In a wide ranging interview this week for Irish Jesuit Podcasts and local radio, Michael O’Sullivan SJ contextualises the words and deeds of Pope Francis. Having himself worked in El Salvador and Pinochet’s Chile he talks about the moral morass he found himself in, the importance of liberation theology and his friendship with Sr Pat Farrell, former head of the Leadership Conference of Women Religious (LCWR).
Now Director of the M.A. in Applied Spirituality in All Hallows College Dublin, Michael O’ Sullivan SJ has taken a keen interest in the papacy to date of Pope Francis and the media coverage of it. He was particularly affected by the debate surrounding the role of Jorge Bergoglio during Argentina’s so called ‘Dirty War’ as it evoked for him still vivid memories of the time he spent in Chile during Pinochets’ dictatorship.
He worked with small communities and justice groups there and was under constant threat of violence and even death. He knew first hand the moral dilemmas people in authority with responsibility for the safety of others faced and he says it’s all too easy to judge from the outside when you have no idea of the complexity of the problems encountered by people working at the coal face.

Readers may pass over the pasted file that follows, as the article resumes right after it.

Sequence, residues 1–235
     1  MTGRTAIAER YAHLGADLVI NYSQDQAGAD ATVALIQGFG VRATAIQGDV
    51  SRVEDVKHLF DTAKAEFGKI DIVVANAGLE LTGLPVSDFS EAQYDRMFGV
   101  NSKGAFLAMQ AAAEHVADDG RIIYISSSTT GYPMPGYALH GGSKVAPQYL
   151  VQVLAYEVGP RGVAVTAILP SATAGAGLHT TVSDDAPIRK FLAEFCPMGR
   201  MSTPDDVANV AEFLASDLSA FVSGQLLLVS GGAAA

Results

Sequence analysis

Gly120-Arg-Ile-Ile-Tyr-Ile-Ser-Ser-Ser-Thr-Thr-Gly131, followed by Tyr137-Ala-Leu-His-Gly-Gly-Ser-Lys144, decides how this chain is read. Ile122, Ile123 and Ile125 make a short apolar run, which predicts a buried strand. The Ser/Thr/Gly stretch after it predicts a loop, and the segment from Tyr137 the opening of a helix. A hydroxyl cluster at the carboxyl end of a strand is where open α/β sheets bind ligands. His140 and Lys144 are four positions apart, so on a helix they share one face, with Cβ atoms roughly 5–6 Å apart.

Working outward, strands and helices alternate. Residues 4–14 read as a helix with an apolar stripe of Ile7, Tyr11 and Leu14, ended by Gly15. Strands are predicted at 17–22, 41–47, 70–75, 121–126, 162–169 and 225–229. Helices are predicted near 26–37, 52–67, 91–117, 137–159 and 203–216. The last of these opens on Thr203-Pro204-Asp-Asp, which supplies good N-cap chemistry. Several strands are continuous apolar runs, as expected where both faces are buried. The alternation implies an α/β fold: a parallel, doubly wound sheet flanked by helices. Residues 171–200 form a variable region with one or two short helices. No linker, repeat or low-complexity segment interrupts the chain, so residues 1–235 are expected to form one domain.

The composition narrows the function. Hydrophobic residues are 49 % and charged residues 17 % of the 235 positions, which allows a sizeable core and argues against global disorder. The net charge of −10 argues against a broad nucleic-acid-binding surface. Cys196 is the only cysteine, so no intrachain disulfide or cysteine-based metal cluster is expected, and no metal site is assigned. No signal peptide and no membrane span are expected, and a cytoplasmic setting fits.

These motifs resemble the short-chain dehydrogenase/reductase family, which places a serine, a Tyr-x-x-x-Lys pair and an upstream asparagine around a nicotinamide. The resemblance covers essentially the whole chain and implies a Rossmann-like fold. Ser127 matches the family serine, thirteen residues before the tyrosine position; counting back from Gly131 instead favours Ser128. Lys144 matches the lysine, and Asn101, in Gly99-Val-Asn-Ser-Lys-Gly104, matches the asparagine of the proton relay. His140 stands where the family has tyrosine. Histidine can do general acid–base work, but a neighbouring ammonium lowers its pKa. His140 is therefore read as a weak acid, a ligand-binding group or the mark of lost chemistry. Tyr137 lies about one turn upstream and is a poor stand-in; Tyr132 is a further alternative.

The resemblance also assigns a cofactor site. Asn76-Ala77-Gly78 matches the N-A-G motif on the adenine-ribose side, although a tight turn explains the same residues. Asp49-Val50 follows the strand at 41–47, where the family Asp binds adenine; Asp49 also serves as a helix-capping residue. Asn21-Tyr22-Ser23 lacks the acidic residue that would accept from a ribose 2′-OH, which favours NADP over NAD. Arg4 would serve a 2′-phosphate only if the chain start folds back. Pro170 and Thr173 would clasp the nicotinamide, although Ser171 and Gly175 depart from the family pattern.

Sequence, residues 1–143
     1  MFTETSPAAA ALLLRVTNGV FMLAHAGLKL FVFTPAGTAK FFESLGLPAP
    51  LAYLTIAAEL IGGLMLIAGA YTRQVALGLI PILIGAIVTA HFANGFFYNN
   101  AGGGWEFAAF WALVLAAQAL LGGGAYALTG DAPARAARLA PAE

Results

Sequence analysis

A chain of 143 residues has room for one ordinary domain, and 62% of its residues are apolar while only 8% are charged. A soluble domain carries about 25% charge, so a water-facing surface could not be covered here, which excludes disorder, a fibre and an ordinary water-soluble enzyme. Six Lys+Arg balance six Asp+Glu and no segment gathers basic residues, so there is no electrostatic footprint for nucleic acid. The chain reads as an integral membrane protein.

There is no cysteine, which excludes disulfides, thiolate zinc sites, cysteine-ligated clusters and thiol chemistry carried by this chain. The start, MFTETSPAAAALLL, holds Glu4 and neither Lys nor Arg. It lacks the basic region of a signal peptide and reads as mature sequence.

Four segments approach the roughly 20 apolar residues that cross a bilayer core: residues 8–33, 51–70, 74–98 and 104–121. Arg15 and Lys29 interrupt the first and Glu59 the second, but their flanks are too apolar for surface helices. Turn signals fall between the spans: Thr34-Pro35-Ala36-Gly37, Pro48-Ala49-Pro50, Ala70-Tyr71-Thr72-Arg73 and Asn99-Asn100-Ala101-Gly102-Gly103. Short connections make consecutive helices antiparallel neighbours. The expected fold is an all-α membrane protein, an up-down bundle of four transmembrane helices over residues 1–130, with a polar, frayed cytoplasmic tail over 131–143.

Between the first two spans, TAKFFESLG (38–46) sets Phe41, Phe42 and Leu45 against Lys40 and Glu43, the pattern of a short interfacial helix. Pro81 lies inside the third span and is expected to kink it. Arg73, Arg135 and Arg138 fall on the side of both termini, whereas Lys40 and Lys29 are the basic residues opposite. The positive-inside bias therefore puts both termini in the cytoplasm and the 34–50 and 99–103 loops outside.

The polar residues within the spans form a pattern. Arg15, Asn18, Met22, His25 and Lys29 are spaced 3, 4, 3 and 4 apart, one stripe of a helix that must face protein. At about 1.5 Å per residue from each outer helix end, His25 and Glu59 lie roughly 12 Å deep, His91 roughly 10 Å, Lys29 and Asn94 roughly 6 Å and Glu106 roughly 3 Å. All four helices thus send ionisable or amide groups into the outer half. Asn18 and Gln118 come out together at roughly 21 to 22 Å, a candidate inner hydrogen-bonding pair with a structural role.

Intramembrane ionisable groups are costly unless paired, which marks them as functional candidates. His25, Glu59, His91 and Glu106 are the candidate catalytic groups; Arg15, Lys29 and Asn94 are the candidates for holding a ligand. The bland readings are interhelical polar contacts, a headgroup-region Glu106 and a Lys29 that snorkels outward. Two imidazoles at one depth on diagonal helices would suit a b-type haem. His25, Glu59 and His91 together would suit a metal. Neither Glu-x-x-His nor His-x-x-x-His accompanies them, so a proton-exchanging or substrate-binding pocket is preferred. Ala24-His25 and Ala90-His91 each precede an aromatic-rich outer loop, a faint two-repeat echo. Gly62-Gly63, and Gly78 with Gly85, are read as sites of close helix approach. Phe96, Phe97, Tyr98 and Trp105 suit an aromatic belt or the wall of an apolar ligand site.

He recounts the story of a young woman activist and her ten year old daughter whom he met in El Salvador. The mother who was gang raped by the military there still could not tell her daughter who her father really was. And he explains how the God of liberation theology was the God who made sense to people like her and to him in those situations. Undoubtedly, he says, Pope Francis too has been influenced by this theology.
More tentatively he speculates that the Pope may also have been influenced by the Russian Orthodox theologian and martyr Pavel Florensky who wrote about the beauty that is the Spirit of God and which transforms ethical actions into holy actions. You can listen here to the full interview with Pat Coyle of the Jesuit Communication Centre.